On April 2, 2019, The New Generation Festival held its annual fundraising gala, this time at New York City’s historic Players Club. Founded by Edwin Booth, the club has sought over the centuries to connect performers with the people to share and advance in their love of the arts; among the stunning portraits are hidden some truly fascinating pieces of history, such the pool cue used by Mark Twain and, hidden in a cabinet drawer, even the death mask of Johann Wolfgang von Goethe. In this highly auspicious venue, Tuesday’s gala concert made for an exciting showcase of what the New Generation Festival offers audiences for its yearly festival in Florence, Italy.
Starting the evening’s performance was Kurt Weill’s 1944 lied “Wie Lange Noch?” Following the piano and trumpet introduction, Anush Hovannisyan treated the opening verse with a soulful, spoken quality that beautifully unfolded to sustained phrases. Walter Mehring’s text describes a woman aching to vent her feelings of neglect at the hands of the man she loved above all else. While the German text is little different than that of traditional lieder, the accompaniment carried an infectious jazzy rhythm with colorful chord voicings which, combined with Hovannisyan’s classical soaring vocality, made for a highly pleasing contrast. As these dramatic anguishes built, Hovhannisyan also employed lower meaty growls to tinge her phrases with sufficient bitterness. Her tremendous finish was followed by Picard and Farinacci’s wild, dissonant, almost-mocking conclusion.
After this came the “Harlem Stride Medley,” a solo piece by Mathis Picard, with Dominick Farinacci coolly reciting an introduction to the style, elaborating that “The musical heroes of Harlem were the masters of a virtuosic style known as stride, an orchestral piano playing with full, round, and fat chords moving against the right hand. Unlike early jazz or ragtime era players like Joplin, stride players’ left hands often leaped greater distances across the keys, which produced a sound known for wider range in tempo and great emphasis on improvisations. Its practitioners, or “ticklers” like Fats Waller, James P. Johnson, Willie Smith, and Art Tatum, entered a playful competition with one another, engaging in marathons of what the cats would call cutting contests.” What ensued was a stunning display of virtuosic technique, creative flexibility, and musical showmanship from Mathis Picard. As Farinacci’s explanation progressed, the standard, barroom stride began to alter with unexpected chords, quick melodic runs, and other complexities. After hammering away at chords, Picard reached into the piano to strum at its strings with his right hand like a gritty guitar, even knocking on the piano’s frame for percussion, while he maintained the rhythm section playing chords in his left hand. Not missing a beat, Picard fluidly seated himself and returned both hands to the keys, laying down lighthearted fills which swelled into a powerful, dissonant tremolo.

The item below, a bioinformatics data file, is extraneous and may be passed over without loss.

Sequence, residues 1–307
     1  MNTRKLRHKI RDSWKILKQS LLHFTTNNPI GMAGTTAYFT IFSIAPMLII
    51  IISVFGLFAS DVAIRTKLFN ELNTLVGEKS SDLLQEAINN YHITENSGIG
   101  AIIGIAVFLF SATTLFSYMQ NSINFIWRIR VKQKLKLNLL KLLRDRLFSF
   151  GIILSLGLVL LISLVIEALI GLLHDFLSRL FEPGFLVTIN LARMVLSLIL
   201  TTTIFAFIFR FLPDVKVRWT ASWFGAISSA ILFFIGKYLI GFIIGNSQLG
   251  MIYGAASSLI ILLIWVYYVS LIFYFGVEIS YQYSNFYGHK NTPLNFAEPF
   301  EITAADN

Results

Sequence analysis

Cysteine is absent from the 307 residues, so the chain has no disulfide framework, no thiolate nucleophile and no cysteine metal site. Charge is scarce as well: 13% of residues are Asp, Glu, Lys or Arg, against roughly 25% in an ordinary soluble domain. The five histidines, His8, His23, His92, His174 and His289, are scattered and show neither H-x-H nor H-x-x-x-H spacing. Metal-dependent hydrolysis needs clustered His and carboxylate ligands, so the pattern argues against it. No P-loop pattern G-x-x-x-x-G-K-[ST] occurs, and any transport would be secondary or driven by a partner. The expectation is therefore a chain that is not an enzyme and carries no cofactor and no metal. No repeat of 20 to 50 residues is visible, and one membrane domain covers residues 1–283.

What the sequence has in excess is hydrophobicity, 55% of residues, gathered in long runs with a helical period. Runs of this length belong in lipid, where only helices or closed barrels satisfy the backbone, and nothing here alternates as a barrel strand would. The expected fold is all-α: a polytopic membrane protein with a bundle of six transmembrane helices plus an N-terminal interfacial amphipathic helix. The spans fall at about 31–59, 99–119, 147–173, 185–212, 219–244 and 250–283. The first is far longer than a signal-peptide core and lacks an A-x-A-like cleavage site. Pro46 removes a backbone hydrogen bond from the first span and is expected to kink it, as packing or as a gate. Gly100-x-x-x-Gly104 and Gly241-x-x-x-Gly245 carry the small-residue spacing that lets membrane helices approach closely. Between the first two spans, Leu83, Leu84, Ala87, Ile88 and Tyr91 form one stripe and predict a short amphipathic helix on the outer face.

Next on the program was an excerpt from George Gershwin’s symphonic spectacle “Rhapsody in Blue,” a piece which Farinacci was recently commissioned by the Catskill Jazz Factory to rework for a concert at the New York Botanical Gardens, titled: “Old, New & Blue: A Celebration of Gershwin’s Rhapsody.” Farinacci’s husky, conversational trumpet saw him use lowering postures as if emptying himself of all air, while his rocking fingers produced a captivating vibrato. Backed by Picard’s keys, this number showcased the sense of sync and musical dialogue so characteristic of jazz.
Things took a deeply poignant turn with jazz vocalist Shenel Johns’ haunting rendition of Abel Meeropol’s “Strange Fruit.” The text being an anti-lynching poem, Johns’ observational, almost distanced delivery was beautifully contrasted by the lingering vocal embrace she used to highlight the morbid imagery of phrases such as “Scent of magnolias, sweet and fresh, then the sudden smell of burning flesh.” The calm chords and plaintive trumpet contributed to an atmosphere of casual sorrow, where murder is as natural as the bearing of fruit from trees.
Bringing the performance to a powerful, uplifting conclusion was George Gershwin’s “The Man I Love.” Beginning her lines from her seat in the audience, Hovhannisyan strolled back on stage as Picard and Farinacci elaborated the piece into a delicious mixed cocktail of jazz and classical sound. With Johns and Hovhannisyan trading phrases, the romantic yearning of the lyrics instead resembled fun gossip among close friends as they danced through the instrumental section. The respective musical backgrounds of these singers led to some gorgeous harmonies as Hovhannisyan’s classical heights were saturated with Johns’ sultry vocal honey.
The New Generation Festival’s Musical Director and Co-Founder Maximilian Fane described the evening’s performance as a sampler of what audiences can expect at this year’s festival. Such promising artists will no doubt electrify the gardens of the Palazzo Corsini al Prato this summer with not only their musical talents, but their exuberant, artistic passion as well.